There are quite a few other social caterpillars in the southern Appalachians as well. The Baltimore checkerspot and some of its nymphalid (brush-footed butterflies) relatives “travel in little herds in their early instars,” he says.
Among the moths, the Eastern tent caterpillars and fall webworms are our most conspicuous social caterpillars. The two are easily differentiated by their web sites (at the ends of branches for webworms; in the crotches of trees for tent caterpillars), and the seasons in which they appear (spring for tent caterpillars; fall for webworms).
But the poplar tentmaker and red-marked tentmaker, the Datanas and several species of oakworms are also gregarious as caterpillars. Of the latter, the orange-striped and the pink-striped oakworms are especially common in our region.
Social behavior isn’t limited to caterpillars. “There is no question that thereís a whole range of insects and spiders that exist beyond the accepted definition of social, who live within family or larger groups,” Costa says. “They include representatives from the beetles, thrips, aphids, true bugs and sawflies.”
“From a biological point of view, these groups are as interesting as the more complex societies,” Waldbauer writes. “Group living at any level is important in the ecological scheme of things, because it enhances survival.”
Who Can Afford A Social Life?
Because of their lowly position on the food chain, insects have developed many strategies to keep from becoming someone else’s dinner. Cryptic coloration (blending into the scenery) helps some escape notice. Others — like early instar caterpillars of many swallowtail species, who are colored to look like bird droppings — mimic something unpalatable.
Some insects are armored with hard plates, spines, tubercles and hairs. Some, including sawflies, engage in simultaneous displays, lifting their heads and/or posteriors in unison and wave them back and forth to threaten predators or ward off parasitic flies and wasps. Others rely on chemical defenses to keep predators at bay, advertising their noxiousness through conspicuous coloration, distinctive odors or sounds. A species (insect or otherwise) who uses such warning signals is known as aposematic.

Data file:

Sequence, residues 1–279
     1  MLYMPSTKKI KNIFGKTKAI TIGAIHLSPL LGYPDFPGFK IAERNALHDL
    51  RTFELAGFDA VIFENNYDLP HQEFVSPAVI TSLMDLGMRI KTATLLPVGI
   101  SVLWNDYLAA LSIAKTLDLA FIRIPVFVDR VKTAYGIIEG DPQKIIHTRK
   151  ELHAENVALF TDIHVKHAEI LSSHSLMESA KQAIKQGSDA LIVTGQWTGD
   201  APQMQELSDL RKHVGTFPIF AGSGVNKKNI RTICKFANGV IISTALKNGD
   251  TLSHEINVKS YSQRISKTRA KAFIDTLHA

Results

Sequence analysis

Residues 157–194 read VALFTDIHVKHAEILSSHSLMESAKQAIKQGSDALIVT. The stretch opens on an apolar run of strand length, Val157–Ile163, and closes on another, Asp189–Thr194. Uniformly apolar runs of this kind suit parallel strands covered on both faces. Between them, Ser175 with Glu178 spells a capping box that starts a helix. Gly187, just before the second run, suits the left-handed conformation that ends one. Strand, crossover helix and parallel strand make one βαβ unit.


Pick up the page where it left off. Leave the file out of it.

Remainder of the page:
“There is ample evidence that these warning signals are heeded by predators and often save the lives of insects,” Waldbauer notes. “Coming together in groups can amplify and thus enhance the effectiveness of such warning signals.”
That’s because teaching predators a lesson “requires the sacrifice of individuals,” Brower says. “Avoidance is a conditioned response. If you’re an unpalatable insect, you’re safer in a group than on your own. If monarchs weren’t toxic (their bodies contain cardiac glycosides from the milkweeds they ate as caterpillars) they couldn’t afford to do what they do in Mexico, clustering by the millions in a few locations. They’re full of lipids (fats); they’d be a banquet for predators. If they were distributed all over Mexico instead of aggregating, birds would learn not to eat them more slowly, and more individuals would be killed.”
Contrasting patterns — orange and black, red and black, black and white, yellow and black — serve notice to enemies of bees, bald-faced hornets, monarchs, milkweed bugs and ladybugs, all of whom aggregate at least part of the time, and all of whom “mean what they say” (are toxic or equipped with stingers). Some palatable insects have evolved to resemble noxious species, gaining a measure of protection they wouldn’t otherwise enjoy.
But sociality can be costly, even for insects that are armed and dangerous. Living in close proximity can increase the incidence of disease, parasitism and predation. Two bird species — the black-headed grosbeak and the black-backed oriole — feast on overwintering monarchs in Mexico, to no ill effect. Nor are Eastern tent caterpillars — whose gut enzymes detoxify the toxins in cherry trees and produce hydrogen cyanide, a powerful poison — invulnerable to attack. Yellow- and black-billed cuckoos eat them with gusto.
“Cuckoos have a preference for hairy caterpillars that lots of other birds avoid,” Costa says. “Titmice are also known to eat, but not banquet, on tent caterpillars. But their most serious predators are fellow insects. Paper wasps and their relatives are fierce caterpillar predators and will repeatedly attack them. And there’s a species of stinkbug that will ravage them, sometimes even inside their tents.”
An ongoing, escalating “evolutionary arms race” is being waged by plants (that produce chemicals to repel attack), the insects that eat them, and the predatory species that eat toxic insects, Waldbauer says.
Hanging Out With The Crowd